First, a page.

- The Washington Times - Tuesday, March 8, 2011

By Richard Lucas
Casemate, $29.95, 288 pages

Arguably one of the more odious civilian figures to emerge from World War II was an American woman who broadcast radio propaganda aimed at U.S. troops. Her on-air name was “Midge,” and in a chatty, folksy fashion she tried to portray herself as “the average American woman speaking to other American women, girl to girl.” But GIs despised her as “Axis Sally” - as well as other names that wont be printed in this newspaper.

In reality, “Midge” was a failed actress named Mildred Gillars, whose early life was marked by turmoil. Her father was a wife-beating drunk, her stepfather an itinerant “painless dentist” who died a bankrupt alcoholic. At Ohio Wesleyan University, she fluttered into the orbit of a charismatic drama teacher who convinced her to pursue a stage career.

Bad advice. Gillars failed to find any Broadway roles. She did manage to hook up with a stock company that played one-night stands hither-and-yon. (Her “romantic” life also seemed to be a series of one-night stands.) As Richard Lucas writes, “the seeds of anti-Semitism and resentment towards the upper class might well have been planted in those bitter, hungry days in New York.” In a later Nazi radio rant, she told listeners that “in a weathered shanty you will never find a Jew. No, sir, the Jews are all in the marble palaces along Park Avenue and Fifth Avenue.”

She tried to start anew in Europe, first in Paris, then in Berlin. She broke into the fringes of the artistic world by befriending a Berlin correspondent for the New York Times, through whom she got assignments to cover the German film industry for Variety, the show-business periodical. Her gushing commentary on pro-Nazi films caught the attention of the German propaganda machine.

A Foreign Office memo spoke of the need for “speakers who have a command of English with an American accent.” German commentators had an accent “to which American listeners are especially sensitive.” Further, commentators “with Oxford accents … are not appropriate for American broadcasts.”

Gillars was the solution. She began as shift announcer two nights a week, then blossomed into the star of German overseas radio. In 4 1/2 years, she “would clock over 10,000 hours of broadcasting to become the highest-paid radio personality on the Overseas Service.” In return, she signed an “oath of allegiance” to the German Reich. Her later claim that refusal meant prison seems thin.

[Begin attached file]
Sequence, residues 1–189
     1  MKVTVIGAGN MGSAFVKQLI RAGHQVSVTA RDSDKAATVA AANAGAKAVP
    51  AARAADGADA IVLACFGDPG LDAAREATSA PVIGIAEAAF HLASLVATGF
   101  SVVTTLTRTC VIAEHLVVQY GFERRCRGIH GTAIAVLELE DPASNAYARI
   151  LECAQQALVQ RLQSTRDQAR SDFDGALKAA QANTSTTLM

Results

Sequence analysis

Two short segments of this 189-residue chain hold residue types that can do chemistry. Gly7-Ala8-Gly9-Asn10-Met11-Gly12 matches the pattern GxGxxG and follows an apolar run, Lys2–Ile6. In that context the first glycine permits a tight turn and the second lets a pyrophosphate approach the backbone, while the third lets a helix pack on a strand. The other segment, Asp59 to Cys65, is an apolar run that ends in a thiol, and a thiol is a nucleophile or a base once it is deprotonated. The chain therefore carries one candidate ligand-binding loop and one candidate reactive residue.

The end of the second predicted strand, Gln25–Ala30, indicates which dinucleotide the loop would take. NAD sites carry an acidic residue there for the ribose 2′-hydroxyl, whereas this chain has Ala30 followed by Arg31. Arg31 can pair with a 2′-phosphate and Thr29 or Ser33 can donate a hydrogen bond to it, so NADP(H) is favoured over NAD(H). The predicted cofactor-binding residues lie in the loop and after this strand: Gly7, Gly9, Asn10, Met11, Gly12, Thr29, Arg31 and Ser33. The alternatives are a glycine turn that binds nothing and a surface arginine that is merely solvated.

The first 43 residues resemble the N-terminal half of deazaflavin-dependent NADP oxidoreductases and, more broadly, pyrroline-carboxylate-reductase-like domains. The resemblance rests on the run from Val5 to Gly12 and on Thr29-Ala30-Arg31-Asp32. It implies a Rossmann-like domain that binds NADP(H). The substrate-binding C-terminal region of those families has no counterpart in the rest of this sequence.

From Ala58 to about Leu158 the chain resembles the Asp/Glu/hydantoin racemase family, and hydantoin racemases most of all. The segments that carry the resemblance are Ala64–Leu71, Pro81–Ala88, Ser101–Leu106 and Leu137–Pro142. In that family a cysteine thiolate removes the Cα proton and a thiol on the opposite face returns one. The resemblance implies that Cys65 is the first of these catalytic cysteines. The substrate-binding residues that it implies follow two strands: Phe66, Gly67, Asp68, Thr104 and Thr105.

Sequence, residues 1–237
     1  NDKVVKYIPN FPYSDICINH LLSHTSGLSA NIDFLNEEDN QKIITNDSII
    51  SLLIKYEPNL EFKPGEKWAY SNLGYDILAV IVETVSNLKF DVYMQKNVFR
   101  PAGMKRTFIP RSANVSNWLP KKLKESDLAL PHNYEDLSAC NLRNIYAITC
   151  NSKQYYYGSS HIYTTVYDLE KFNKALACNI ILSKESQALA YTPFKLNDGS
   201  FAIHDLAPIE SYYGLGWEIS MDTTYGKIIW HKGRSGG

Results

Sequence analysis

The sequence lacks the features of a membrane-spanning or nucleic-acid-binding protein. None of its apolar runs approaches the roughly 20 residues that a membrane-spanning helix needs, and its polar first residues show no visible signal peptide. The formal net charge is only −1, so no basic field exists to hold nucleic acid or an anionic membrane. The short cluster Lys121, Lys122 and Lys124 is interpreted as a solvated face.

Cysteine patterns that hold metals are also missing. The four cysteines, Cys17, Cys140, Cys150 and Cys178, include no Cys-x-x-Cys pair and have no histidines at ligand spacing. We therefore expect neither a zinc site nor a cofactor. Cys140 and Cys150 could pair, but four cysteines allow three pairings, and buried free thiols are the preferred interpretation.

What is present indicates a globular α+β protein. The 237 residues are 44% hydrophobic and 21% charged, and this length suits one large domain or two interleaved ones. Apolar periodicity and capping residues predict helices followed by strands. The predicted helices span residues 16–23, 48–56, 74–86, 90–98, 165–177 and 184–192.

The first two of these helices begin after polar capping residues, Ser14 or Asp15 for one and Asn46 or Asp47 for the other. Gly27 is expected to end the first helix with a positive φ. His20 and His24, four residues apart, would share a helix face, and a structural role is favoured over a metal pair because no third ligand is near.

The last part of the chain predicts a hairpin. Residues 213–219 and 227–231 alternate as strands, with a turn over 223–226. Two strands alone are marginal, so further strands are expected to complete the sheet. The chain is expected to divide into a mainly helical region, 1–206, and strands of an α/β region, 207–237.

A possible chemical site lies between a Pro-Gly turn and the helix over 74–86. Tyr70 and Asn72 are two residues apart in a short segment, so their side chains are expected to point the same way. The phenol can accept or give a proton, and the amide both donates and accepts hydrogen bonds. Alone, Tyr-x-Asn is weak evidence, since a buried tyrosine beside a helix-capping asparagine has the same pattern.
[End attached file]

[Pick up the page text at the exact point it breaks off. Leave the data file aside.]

For the first time, Gillars enjoyed the celebrity she had fruitlessly sought in America. She fell in love with her mentor, a Silesian-born academic, Max Otto Koischwitz, who had taught at three New York colleges during the 1930s, then returned to Berlin and joined the Foreign Office, responsible for broadcasts to America.

Gillars knew that Koischwitz was married and had three children (a fourth was born during their affair), but no matter. He made her the “mistress of ceremonies” of such shows as “Home Sweet Home,” with a soundtrack featuring jazz and a lonesome train whistle, intended to arouse homesickness among American GIs.

Axis Sally’s propaganda had several broad themes. A constant was that America entered the war because of “Roosevelt and his Jewish cohorts.” Further, the “Jew-controlled media” ignored “the great role which Germany is playing in the future of the Western Continent,” in opposing the spread of Soviet communism. She lamented the suffering of men who will find “that there is no job for cripples” after the war.

At war’s end, Gillars was seized by the Army’s Counter Intelligence Corps (CIC) and tried in Washington on charges of “giving aid and comfort to the enemy.” Among other defenses, her attorney asserted that her broadcasts naming captured Americans, and their home addresses, comforted anxious families. In fact, they displayed cynical cruelty.

For instance, a segment devoted to a California sergeant was directed at his sister. She said, “Miss ___, your brother got his left leg crushed below the knee and the right leg broken below the knee. Well, that’s pretty bad. Let’s hope he won’t have to lose it, but I suppose it’s quite possible.” (A prosecutor rebutted that this broadcast, and others, were “sadistic.”)

Her sentence: 10 to 30 years in prison. (The two most notorious British radio collaborators, William Joyce, aka “Lord Haw Haw,” and John Avery, died on the gallows.) She converted to Catholicism while imprisoned and spent her last years teaching in Ohio.

What created the monster named Axis Sally? Mr. Lucas makes much of the deprivations suffered by a failed actress, and her frantic quest for fame. But even after her arrest, she insisted to CIC interrogators that for her “the war was against England and the International Jewry.” She said, “I just couldn’t get the Jews out of my mind. …” Mr. Lucas concludes, “She accepted the Nazi worldview, believed her own propaganda, and paid a heavy price for that delusion.”

Joseph C. Goulden has completed an update of his “Dictionary of Espionage,” to be published by Dover Books in the fall.